Vienna was one of the most prominent centers of Jewish culture in Europe at the turn of the 19th century up through the Anschluss. The Bloch-Bauer family
I saw the movie "Woman in Gold", and looked for the book on which it was based (I made the assumption that it was based on a book). This is a book for those that love art and art history, for sure. I read it for both the art and its place in World War II. Of course I knew that Hitler walked into Austria and occupied it. What I didn't know was how complicit the Austrian people were with the Nazi regime, they welcomed Hitler as hero. Many had joined the Nazi Party prior to 1938.

As we saw with The
The Lady in Gold is not the movie. It is an well researched telling of Vienna, pre and post WWII, the rise of nazism, the high society, well educated Jewish population in Vienna and the theft of art and of an entire life and lifestyle. O'connor does tell detailed stories of many family members and at times it is hard to keep track but you still come away with a profound sense of injustice and grief for the families who suffered. Can you imagine one day being at home, enjoying your very comfortab ...more
Teri Reck
The story of a Klimt masterpiece, "the Mona Lisa of Austria", and how it was stripped from the family of the subject by greed and hatred during the Holocaust. After many years and a long struggle it finally was returned to the rightful owners, and it was sold and placed on public view in New York. I personally would love to see it, especially now, knowing it's story. I was able to view an unfinished Klimt at the Museum of Art in Philadelphia, and even unfinished it was beautiful. This book does ...more
The tale is indeed extraordinary, but not portrayed very well in this book. I was really disappointed - the writing was disjointed and hard to follow.
Cross-disciplinary (history of art, culture & life style, wartime & family chronicles), well documented, following the logical thread of first, putting the painting into a context, moving to the painting creation and describing the list of different owners and places where the painting was displayed. The "golden" Vienna is described so vividly that you could even get a feeling of being in one of those gardens with their flowers and smells; or get a good sense how a family gathering, a ma ...more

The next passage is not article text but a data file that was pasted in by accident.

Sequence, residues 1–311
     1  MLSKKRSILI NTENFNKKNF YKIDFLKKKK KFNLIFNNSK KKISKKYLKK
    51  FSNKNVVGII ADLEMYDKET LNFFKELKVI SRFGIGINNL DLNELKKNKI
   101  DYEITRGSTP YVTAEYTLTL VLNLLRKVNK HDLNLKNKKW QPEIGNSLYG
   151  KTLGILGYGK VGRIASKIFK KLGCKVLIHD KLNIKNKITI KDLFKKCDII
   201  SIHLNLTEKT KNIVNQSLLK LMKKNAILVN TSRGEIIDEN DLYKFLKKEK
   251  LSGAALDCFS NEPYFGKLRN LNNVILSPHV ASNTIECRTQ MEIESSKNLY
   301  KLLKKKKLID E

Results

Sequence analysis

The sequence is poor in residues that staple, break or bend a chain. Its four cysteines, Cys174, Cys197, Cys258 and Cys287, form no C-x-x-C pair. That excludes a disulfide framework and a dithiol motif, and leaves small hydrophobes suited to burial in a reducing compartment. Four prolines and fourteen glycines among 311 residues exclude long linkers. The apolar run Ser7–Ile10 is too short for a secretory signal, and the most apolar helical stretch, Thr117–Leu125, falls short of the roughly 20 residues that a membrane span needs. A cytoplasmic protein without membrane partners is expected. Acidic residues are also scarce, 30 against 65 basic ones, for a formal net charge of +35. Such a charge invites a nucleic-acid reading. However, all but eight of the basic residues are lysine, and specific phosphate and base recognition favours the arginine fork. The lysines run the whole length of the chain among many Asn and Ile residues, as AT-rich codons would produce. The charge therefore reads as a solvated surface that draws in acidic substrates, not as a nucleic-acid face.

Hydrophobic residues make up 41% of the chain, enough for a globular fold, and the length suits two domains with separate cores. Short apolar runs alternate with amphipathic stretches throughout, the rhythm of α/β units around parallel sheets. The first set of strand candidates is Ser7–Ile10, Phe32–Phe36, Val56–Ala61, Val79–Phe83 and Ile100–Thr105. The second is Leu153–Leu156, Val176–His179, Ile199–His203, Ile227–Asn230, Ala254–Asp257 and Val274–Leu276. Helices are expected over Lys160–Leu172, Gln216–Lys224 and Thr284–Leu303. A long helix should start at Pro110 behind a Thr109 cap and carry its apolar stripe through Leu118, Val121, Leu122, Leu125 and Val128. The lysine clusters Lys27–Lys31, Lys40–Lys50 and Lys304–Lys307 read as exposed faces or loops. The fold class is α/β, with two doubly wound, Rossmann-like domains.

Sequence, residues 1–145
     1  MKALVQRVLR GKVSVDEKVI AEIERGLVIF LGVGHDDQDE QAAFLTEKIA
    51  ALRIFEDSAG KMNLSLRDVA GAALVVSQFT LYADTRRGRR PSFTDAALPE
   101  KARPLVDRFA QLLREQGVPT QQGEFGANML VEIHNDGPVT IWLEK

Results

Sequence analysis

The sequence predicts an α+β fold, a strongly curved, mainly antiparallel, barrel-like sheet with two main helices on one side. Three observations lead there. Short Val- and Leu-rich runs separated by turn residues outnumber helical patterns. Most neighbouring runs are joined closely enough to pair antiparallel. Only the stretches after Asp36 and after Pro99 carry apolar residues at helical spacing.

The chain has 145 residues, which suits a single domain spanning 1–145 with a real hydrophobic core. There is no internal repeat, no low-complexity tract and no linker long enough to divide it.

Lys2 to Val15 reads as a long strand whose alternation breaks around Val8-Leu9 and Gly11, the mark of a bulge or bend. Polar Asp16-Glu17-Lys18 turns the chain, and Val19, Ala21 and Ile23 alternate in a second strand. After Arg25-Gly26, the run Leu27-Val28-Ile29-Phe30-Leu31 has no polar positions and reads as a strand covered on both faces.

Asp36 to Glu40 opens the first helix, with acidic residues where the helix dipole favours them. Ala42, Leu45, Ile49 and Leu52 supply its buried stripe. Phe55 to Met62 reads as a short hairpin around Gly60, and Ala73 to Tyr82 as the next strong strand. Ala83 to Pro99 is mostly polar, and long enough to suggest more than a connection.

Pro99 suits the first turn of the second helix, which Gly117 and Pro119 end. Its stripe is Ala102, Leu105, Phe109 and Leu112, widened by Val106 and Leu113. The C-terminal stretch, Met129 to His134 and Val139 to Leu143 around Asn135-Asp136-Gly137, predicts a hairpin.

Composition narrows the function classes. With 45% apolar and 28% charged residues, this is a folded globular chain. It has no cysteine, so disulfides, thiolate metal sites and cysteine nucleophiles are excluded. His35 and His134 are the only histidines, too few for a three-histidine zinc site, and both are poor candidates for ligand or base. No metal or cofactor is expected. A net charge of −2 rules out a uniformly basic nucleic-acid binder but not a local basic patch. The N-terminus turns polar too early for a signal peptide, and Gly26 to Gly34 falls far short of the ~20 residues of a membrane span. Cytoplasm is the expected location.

You would think after reading book upon book revolving around the Holocaust, that nothing would surprise me anymore. Not to be. This was my first book that was immersed in the Jewish wealth and the society of art. And, seriously, could you imagine having all that you have right this very minute - the life you lead of abundance upon blessing and then tomorrow, to be totally overtaken by the enemy and stripped of all which goes beyond merely the materialistic aspect of life but the self-worth, emo ...more
Elsie Klumpner
This was a fascinating read. The author does a good job at moving through the early history of the residents of Vienna, Austria, setting the stage for their involvement in the Holocaust and the extermination of European Jews as well as the art story that arose from those years - the theft of art from Jews on their way to their deaths.

Occasionally difficult to read, due to the extreme inhumanity that the Austrians, in particular, inflicted on their Jewish friends and neighbors, it tells the stor
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Anne-Marie O'Connor is a veteran foreign correspondent, war reporter and culture writer who has covered everything from post-Soviet Cuba to American artists and intellectuals. O'Connor attended Vassar and the San Francisco Art Institute and graduated from the University of California at Berkeley, where she and fellow students co-created an award-winning documentary on the repression of mural artis ...more
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“to every age its art; to art its freedom.” 3 likes
“Austrians were allowed to paper over their pasts and portray themselves as unwilling participants. They felt sorry for themselves, and for the proud family names sullied with the taint of Nazi collaboration. The Cold War began in earnest, and the West was eager to hang on to Austria. A 1948 amnesty brought a premature end to Austrian de-Nazification. Austrians began to deny their jubilant welcome of Hitler and to claim that Austria had been “occupied” by Germany, like” 1 likes